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In a Culture Overrun by LGBT Activism, 'Sesame Street' Forced to Clarify: Bert and Ernie Aren't Gay


Gay activism is pervading every area of the culture on an escalating level, extending more and more into the realm of children's entertainment. But there's an apparent outcome in the ongoing debate about "Sesame Street" and the beloved characters known as Bert and Ernie.

Now that a producer has laced an Anne of Green Gables remake with LGBT storylines and characters, Disney added a gay character to Beauty and the Beast, and Doc McStuffins ran a lesbian moms episode, revisionists have once again targeted the classic children's show "Sesame Street."

After all, a Canadian group just debuted a transgender puppet for kids, so one of the former "Sesame Street" writers is now saying he made Bert and Ernie gay too.

The man who's claiming it, Mark Saltzman, is openly gay himself, so he thinks of Bert and Ernie as being gay like him. He worked on the show during the 1980s and 90s, but he wasn't the creator of the characters.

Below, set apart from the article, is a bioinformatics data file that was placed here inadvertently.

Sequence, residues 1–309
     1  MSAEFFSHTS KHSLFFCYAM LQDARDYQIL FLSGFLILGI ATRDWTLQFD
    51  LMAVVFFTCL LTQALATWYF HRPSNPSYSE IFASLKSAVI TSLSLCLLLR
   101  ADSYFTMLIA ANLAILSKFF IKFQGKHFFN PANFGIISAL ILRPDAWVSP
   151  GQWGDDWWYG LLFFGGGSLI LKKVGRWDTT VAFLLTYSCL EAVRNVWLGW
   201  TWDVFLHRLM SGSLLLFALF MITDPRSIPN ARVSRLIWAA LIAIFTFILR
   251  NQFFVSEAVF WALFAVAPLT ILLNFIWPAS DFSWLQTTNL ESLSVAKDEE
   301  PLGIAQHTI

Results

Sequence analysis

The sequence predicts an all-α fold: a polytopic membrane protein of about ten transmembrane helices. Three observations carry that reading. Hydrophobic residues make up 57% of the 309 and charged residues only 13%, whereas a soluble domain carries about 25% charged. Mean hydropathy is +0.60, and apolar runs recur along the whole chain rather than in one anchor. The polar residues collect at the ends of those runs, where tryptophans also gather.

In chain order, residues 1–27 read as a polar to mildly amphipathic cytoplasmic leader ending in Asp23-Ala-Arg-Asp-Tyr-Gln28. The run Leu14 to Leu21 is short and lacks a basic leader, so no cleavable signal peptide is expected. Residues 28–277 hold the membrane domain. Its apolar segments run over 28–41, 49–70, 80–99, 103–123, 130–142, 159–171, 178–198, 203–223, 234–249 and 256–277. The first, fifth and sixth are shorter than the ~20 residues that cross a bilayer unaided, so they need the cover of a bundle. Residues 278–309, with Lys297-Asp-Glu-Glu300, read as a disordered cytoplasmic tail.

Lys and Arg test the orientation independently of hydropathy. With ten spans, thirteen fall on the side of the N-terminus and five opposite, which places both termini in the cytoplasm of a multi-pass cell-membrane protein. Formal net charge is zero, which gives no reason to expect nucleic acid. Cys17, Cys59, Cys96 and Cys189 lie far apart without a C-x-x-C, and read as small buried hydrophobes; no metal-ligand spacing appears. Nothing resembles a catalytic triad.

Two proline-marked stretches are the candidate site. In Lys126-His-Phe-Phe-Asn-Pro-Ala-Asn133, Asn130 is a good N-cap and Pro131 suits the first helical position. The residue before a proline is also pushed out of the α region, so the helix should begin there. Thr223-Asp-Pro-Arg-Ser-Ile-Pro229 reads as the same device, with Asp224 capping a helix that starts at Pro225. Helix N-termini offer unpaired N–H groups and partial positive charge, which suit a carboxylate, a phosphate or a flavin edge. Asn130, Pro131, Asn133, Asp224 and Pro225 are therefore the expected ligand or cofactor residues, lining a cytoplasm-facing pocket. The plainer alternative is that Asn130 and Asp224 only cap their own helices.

His revelations about his attempts to make Bert and Ernie gay during his writing years forced the producers of "Sesame Street" to make a public statement about sexuality and puppets:

"As we have always said, Bert and Ernie are best friends. They were created to teach preschoolers that people can be good friends with those who are very different from themselves. Even though they are identified as male characters and possess many human traits and characteristics (as most Sesame Street Muppets do), they remain puppets, and do not have a sexual orientation."

That statement was issued on September 18, and was then pulled down from Twitter the next day. The Sesame Workshop clearly offended some people because they issued this followup statement, and left it posted on Twitter instead of the original statement:

Meanwhile, Frank Oz, who served as the voice of "Bert" and worked with Jim Henson to help create the Muppets in the first place, has been drawn into the debate too, tweeting: "Jim and I never created them to be gay."

Oz continued: "It seems Mr. Mark Saltzman was asked if Bert & Ernie are gay... They're not, of course."

Aware that his comment could upset LGBT people in this increasingly hypersensitive and politically correct debate, Oz tweeted multiple times, taking careful steps not to hurt anyone's feelings.

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